As promised, Balint has provided us with two traditional Hungarian Christmas recipes this month; Christmas wine soup and Poppy seed bread pudding (Mákos guba). For those of you who don’t know, Balint is our technical writer and he has shared with us previously his beautiful photographs and story ‘Eating tour of Hungary’.
“When I think of Christmas traditions, my mind sifts through childhood memories of rituals that always defined the ‘script’ of Christmas Eve in my family: decorating the tree, waiting for baby Jesus (a.k.a. Mum or Dad) to ring a tiny bell announcing his presence, handing over and enjoying the presents, sitting down to dinner, then half-watching obligatory TV reruns of well-worn family favourites and deciding to skip Midnight Mass just this year—it’s too cold to walk!
“But I also think of the less obvious, yet equally important—and often more fun—shared activities that assumed tradition status over time: the collective untangling of the string of Christmas lights (punctuated by accusations of suspects for putting it away like that in January), identifying the snuffed-out bulb that’s stopping all the rest from lighting up (never failed to try everyone’s patience and remind us of the blessings of series circuits), secretly grazing on chocolate decorations and skilfully folding the empty wrappers back in place to pretend they hadn’t been touched (and to dupe the next grazer)… and, perhaps most important of all, generally worrying about the Food. Will it be enough? It was always too much. Do we have all the ingredients? Well, most recipes weren’t compromised by some minor adjustments. Will everyone like the menu? Of course they did. So a short-lived, heavenly calm descended on everyone only when the last dessert fork and folded napkin was in place, and all the food-laden containers were waiting to be served from.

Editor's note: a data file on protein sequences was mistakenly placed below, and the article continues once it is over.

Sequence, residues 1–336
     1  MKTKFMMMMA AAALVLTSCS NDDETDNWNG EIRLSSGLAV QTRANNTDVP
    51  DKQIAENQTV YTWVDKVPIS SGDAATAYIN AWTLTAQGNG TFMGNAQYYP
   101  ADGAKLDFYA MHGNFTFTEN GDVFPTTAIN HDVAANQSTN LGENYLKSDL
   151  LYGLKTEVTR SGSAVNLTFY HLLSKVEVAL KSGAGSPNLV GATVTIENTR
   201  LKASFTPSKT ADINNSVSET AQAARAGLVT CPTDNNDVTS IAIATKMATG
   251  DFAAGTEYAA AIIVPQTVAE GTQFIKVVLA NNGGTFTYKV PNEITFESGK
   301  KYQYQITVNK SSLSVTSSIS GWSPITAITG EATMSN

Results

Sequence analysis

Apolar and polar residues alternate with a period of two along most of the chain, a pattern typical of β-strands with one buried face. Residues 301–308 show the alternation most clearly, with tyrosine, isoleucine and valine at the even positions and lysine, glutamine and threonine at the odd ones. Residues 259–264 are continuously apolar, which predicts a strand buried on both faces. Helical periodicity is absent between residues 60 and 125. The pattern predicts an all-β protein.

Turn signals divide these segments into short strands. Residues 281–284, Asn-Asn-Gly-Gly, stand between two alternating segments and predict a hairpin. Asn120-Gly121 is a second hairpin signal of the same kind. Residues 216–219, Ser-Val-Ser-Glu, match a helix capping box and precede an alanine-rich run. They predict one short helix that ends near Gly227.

“And what would those serving platters and fancy soup bowls have on offer? A typical main course would feature fillets of carp fried in breadcrumbs with a side dish of potato and celeriac salad. And as for starter and dessert? See the recipes that follow, and have a very merry Christmas!
“While ‘savoury’ soups are just as popular in Hungary as anywhere else, it is also quite common to be served a bowl of cold, sweet (most often fruit-based) soup as a first course, typically in summer. There’s morello cherry soup, apple soup, strawberry soup… and the list continues. At Christmas time, when no fresh fruit is in season, a classic sweet soup is one based on mulled wine. It is often served hot, and the alcohol content makes all cheeks glow with warmth. While it is perfectly suited to a Northern hemisphere winter, the cold version below may be preferable in the middle of a Kiwi summer. Enjoy, but do not overindulge!”